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By Rory Byrne
Phnom Penh
30 October 2008

In countries around the world, hundreds of thousands of poor people face daily hazards to earn meager livings by scavenging for recyclable goods. In Cambodia, hundreds of scavenger families find their lives changing - they will lose their homes and livelihoods when the government closes the dump where they work. Rory Byrne has this report from Phnom Penh.

Steung Meanchey dump on outskirts of Phnom Penh
Steung Meanchey dump on outskirts of Phnom Penh
Officially, it is the Steung Meanchey landfill site, but those who live here call it Smokey Mountain.

Steung Meanchey dump is a seven-hectare mountain of smoking garbage on the outskirts of the Cambodian capital Phnom Penh. Here some 2,000 workers, including about 600 children, sift through 700 tons of garbage a day.

In developing countries in Africa, Asia, and Latin America, garbage scavengers are among the poorest workers. In Cambodia, they typically earn about one dollar a day.

Ten-year-old Ya has been recycling bottles and cans at the dump for three years.        

For children like Ya, going to school remains a distant dream <br /><br /><br />
For children like Ya, going to school remains a distant dream
He says the situation here is terrible. He has to get up very early to work and finishes late in the evening. Ya says his life is very difficult. Collecting garbage brings him less than $1 a day which is not nearly enough to cover his expenses.

Most of the scavengers live in wooden shacks around the dump. There is no access to clean water or sanitation and epidemics are commonplace.

The risks here are high. Sharp-edged metals and broken glass leave nasty wounds. And garbage scavengers suffer high rates of serious diseases, such as hepatitis, tuberculosis and even AIDS. A number of scavengers have been killed or seriously injured when they were run over by garbage trucks.
        
Sok Kanhha has been working at dump for more than five years
Sok Kanhha has been working at dump for more than five years
She says it is very dangerous to work here - people can step on metal shards or nails for example or get hit and crushed by the dump trucks. She says she has injured herself with many things, like old needles.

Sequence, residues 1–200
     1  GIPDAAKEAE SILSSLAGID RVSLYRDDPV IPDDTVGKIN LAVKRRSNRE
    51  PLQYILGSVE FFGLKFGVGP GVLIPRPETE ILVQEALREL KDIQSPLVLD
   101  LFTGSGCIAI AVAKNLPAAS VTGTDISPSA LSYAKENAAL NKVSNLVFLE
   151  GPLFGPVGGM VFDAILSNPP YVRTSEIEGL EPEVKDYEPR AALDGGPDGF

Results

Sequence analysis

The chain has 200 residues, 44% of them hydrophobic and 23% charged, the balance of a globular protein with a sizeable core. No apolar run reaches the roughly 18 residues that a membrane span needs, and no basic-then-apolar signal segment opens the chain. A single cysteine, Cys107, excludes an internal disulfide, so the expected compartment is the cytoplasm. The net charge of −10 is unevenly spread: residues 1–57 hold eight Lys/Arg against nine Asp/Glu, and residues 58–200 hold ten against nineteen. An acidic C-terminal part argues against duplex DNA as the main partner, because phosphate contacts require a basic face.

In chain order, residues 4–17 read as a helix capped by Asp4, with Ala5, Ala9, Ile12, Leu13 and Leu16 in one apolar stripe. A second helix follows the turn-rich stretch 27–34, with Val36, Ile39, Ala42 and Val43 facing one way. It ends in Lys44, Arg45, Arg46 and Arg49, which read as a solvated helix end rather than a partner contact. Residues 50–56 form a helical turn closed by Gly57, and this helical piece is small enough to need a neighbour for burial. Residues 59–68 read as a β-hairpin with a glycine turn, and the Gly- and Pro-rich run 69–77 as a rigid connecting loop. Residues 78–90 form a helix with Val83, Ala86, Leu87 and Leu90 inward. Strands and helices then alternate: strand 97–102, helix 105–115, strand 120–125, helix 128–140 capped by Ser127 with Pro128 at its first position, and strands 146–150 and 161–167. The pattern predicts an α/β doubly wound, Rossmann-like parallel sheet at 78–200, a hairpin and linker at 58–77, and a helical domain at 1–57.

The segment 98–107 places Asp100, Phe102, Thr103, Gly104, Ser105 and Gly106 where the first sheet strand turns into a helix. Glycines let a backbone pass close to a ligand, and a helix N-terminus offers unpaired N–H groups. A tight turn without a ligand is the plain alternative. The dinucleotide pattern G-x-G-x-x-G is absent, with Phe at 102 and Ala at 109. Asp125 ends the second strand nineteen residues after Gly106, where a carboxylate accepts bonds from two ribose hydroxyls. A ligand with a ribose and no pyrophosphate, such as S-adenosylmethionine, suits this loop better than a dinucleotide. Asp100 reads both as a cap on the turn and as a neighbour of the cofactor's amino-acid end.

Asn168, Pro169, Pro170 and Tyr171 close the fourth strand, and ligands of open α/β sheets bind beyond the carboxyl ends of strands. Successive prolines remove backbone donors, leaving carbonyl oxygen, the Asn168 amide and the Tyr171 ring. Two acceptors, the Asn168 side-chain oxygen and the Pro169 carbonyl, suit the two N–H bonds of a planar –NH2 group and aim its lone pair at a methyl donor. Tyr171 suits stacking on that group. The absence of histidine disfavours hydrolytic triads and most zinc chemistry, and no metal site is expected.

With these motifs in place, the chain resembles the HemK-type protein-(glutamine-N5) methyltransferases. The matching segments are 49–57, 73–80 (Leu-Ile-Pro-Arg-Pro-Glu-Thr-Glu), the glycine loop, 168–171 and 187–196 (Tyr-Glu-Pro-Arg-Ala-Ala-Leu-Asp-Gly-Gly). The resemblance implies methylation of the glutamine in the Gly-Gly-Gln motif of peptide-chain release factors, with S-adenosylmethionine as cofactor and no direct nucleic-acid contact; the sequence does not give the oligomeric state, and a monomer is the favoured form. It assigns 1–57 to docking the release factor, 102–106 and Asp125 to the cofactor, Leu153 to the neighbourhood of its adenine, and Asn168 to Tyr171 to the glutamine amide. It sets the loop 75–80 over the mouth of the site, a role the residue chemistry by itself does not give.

Annette Jensen is the director of A New Day, a charity that provides free food, shelter and schooling to more than 100 children from Steung Meanchey dump.

"To see the children miserable, dirty, sad looking at the garbage dump and then have them arrive with their little plastic bag with all their belongings and move into the center. And to see their excitement about taking a shower. To see their excitement about getting their little bag of shampoo. And to see them clean, putting on their school uniform and going to school has just been amazing," says Jensen.

Annette Jensen, director of A New Day<br /><br />
Annette Jensen, director of A New Day

But most of those working on Cambodia's landfills are not so lucky, and for children like Ya, going to school remains a distant dream,

Ya has he would go to school if he could stop working at the dump. He says he wants to go to school but cannot because his family is so poor.

Ya and his family now face a new challenge: the government plans to close Steung Meanchey and relocate the 535 families living there to land about 50 kilometers south of Phnom Penh.

The government will let them have tiny plots on which to build new homes. An official in charge of the project notes the location is near Udong Mountain, a tourist site, so that there are jobs available in the region. And he says, families are not being forced to move, but most are volunteering.

Still, no families have left so far. Many scavengers say they will be happy to leave the dump, but they are worried that they will not be able to make a living because the relocation camp is too far away from the city.

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